component in the circuit is one of the factors 110.10 requires you
consider when selecting OCPDs.
NEC in the Facility
Most facilities contract out the installation, repair,
and maintenance of chillers and HVAC systems. This makes sense for many
reasons, including licensing requirements pertaining to the coolant.
However, it has a downside. The techs of the typical HVAC firm are
mechanical, not electrical. Violations of Art. 440 (and several other
Code requirements) naturally result from such a situation. Violations
typically get caught after job completion, when resolution costs more
than doing the job right the first time.
The obvious solution is to review plans and drawings prior to
commencement of the work. Review the work in progress to ensure those
plans and drawings are being followed. The most common errors
Misapplication of raceways is another common error, occurring in both
- Design stage: Circuit protection.
- Installation stage: Location of disconnects.
Work neatly. To many people, this idea belongs in the
category of good workmanship, not safety. Yes, working neatly is a
proven way to do work that looks good. But it’s also a proven way to
prevent lethal errors.
Good housekeeping doesn’t mean cleaning up after the job is done.
It means making neatness part of how you do your work. A messy
is a dangerous workplace. Think about the number of tripping hazards
presented by a few scattered tools or boxes. Keep work areas free of
debris, scrap, and loose parts.
But this goes well beyond tripping hazards. As you work, make sure
you aren’t leaving yourself exposed to the additional hazards of
slipping, and cutting. Examples:
- Fire. Small spills of solvent. Clean these up immediately.
- Slipping. Small spills of cable lube. Clean these up before
you start the next pull.
- Cutting. So, you’ve made a nice hole in a cabinet for that
control switch. Remove any burrs from that hole and clean up the metal
Electrical Troubleshooting Quiz
Today, a system may consist of several subsystems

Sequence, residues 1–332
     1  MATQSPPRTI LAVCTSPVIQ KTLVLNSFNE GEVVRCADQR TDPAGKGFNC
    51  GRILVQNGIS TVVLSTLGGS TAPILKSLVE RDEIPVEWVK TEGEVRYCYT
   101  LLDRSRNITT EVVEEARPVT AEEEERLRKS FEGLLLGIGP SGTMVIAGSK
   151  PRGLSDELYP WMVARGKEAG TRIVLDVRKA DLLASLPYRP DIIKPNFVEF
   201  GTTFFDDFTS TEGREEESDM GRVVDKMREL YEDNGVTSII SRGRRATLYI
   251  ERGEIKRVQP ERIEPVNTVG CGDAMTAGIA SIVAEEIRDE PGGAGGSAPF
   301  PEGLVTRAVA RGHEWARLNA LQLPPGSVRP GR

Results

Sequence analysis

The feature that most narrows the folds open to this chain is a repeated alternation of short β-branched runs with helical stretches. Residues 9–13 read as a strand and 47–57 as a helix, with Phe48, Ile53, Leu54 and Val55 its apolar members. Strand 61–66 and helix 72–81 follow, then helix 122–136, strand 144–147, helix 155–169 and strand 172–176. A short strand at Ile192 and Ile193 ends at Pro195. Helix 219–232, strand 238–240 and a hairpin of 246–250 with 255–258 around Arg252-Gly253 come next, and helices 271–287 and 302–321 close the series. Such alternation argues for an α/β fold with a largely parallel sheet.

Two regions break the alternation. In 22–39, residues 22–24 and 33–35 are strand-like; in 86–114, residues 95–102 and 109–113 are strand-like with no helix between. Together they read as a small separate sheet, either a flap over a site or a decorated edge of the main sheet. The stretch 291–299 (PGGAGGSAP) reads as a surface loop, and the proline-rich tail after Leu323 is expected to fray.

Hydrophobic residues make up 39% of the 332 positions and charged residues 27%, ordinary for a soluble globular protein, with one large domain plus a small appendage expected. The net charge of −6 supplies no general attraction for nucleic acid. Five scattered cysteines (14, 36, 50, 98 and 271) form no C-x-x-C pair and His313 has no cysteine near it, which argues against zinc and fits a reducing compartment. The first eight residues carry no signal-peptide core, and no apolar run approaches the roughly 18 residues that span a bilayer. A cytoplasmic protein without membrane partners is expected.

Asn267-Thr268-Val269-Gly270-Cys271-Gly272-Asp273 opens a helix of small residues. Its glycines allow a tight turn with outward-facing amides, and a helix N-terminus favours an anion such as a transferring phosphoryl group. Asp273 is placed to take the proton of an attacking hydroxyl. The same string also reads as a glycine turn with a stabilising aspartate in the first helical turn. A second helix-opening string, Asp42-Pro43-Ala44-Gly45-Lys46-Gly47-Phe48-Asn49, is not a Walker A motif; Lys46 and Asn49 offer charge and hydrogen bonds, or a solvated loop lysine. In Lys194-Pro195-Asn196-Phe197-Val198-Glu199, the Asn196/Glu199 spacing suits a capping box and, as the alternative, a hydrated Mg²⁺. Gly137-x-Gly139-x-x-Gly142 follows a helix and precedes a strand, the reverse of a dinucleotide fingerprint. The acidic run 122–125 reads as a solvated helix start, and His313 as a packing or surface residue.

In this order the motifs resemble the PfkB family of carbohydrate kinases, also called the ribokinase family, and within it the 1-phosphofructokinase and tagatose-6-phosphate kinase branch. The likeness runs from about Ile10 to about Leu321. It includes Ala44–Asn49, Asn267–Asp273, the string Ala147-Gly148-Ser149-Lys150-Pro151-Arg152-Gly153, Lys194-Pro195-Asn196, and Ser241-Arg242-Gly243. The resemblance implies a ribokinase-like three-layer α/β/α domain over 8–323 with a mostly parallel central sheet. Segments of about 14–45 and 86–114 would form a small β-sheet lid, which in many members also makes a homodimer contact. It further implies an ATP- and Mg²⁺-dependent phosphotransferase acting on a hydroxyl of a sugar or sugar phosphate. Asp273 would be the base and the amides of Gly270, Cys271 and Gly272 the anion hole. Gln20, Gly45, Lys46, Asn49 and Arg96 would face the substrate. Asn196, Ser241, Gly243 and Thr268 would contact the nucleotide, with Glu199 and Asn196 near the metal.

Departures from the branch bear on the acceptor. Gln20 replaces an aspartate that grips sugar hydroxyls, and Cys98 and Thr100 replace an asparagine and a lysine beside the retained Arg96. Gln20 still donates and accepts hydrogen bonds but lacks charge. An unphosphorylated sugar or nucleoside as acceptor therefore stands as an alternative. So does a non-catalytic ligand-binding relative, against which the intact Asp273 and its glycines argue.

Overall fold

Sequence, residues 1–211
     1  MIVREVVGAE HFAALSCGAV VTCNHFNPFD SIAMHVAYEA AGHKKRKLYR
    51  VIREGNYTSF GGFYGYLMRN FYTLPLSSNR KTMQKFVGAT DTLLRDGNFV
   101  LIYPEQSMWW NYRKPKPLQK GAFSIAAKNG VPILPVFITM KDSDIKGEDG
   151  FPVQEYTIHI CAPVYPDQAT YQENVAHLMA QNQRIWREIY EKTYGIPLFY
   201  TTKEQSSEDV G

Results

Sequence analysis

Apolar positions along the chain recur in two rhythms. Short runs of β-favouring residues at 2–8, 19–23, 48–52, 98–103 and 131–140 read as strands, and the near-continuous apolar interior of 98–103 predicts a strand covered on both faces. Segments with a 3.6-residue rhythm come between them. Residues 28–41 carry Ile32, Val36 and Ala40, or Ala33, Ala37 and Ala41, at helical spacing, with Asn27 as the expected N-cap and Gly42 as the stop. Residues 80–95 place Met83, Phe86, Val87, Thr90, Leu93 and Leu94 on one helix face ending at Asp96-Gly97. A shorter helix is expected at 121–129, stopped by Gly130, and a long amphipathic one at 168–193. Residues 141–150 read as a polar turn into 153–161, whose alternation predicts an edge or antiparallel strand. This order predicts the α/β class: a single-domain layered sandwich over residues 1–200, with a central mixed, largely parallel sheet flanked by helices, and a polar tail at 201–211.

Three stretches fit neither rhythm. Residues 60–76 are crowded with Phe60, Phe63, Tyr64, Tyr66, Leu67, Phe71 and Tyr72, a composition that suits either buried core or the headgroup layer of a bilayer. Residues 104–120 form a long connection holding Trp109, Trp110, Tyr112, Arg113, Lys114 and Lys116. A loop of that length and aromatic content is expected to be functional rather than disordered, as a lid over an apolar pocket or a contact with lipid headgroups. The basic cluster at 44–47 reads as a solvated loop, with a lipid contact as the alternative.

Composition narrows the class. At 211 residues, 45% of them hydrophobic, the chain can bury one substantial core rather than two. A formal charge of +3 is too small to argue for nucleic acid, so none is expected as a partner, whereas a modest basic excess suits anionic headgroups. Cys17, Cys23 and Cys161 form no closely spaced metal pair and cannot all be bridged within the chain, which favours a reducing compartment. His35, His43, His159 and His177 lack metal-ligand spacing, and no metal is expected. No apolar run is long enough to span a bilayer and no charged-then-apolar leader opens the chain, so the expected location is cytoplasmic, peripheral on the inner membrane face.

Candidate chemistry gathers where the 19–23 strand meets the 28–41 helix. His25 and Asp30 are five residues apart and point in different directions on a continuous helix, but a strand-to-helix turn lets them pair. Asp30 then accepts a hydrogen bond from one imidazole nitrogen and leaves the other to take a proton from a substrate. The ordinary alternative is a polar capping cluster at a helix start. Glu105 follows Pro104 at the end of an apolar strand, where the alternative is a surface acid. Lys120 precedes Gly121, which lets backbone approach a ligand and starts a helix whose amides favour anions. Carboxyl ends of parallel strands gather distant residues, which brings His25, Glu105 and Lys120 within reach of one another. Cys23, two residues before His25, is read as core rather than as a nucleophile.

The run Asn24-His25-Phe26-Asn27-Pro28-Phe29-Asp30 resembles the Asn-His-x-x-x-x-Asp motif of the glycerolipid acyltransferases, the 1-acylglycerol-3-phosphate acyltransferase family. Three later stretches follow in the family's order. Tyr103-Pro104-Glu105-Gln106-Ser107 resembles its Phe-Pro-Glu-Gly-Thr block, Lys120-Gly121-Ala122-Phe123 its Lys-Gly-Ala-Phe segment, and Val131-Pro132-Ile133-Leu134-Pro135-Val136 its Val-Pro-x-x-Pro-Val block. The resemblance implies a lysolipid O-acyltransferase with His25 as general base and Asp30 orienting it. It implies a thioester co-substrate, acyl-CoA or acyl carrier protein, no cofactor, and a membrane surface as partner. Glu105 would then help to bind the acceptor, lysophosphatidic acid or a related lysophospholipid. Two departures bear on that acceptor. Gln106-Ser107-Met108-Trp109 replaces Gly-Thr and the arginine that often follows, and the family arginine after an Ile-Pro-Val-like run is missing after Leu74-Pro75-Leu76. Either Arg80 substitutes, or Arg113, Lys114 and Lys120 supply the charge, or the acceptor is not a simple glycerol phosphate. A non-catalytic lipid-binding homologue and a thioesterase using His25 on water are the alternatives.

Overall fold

provided by multiple vendors, each with their own software licenses.
systems tend to be modular, and each module (subsystem) must work for
the system to work. For example, a production control system might have
a Crystal Reports license for sending managers statistical process
control (SPC) reports, along with an interlock that prevents operation
if this subsystem isn’t running.
In the case of a system crash and restore, you may need to reinstall
licenses so you can run the full version instead of the demo. You will
probably have to replace factory default settings with those you were
using prior to the crash. To get the system running, start by resolving
any error messages and network access issues.
If you set up your maintenance system correctly, you should have a
listing of the licenses (typically a text string, but possibly a token
or XML file) and a record of the required settings for each of
the various subsystems. It’s now just a matter of checking to see
every subsystem has its license and the settings are correct. That
process is fairly quick and painless.
But if you don’t have your maintenance system set up correctly,
will have to locate the license keys — possibly by digging through
archived e-mails. The next challenge is determining the correct
settings. If the necessary settings aren’t on record, you will
essentially need to re-engineer the system.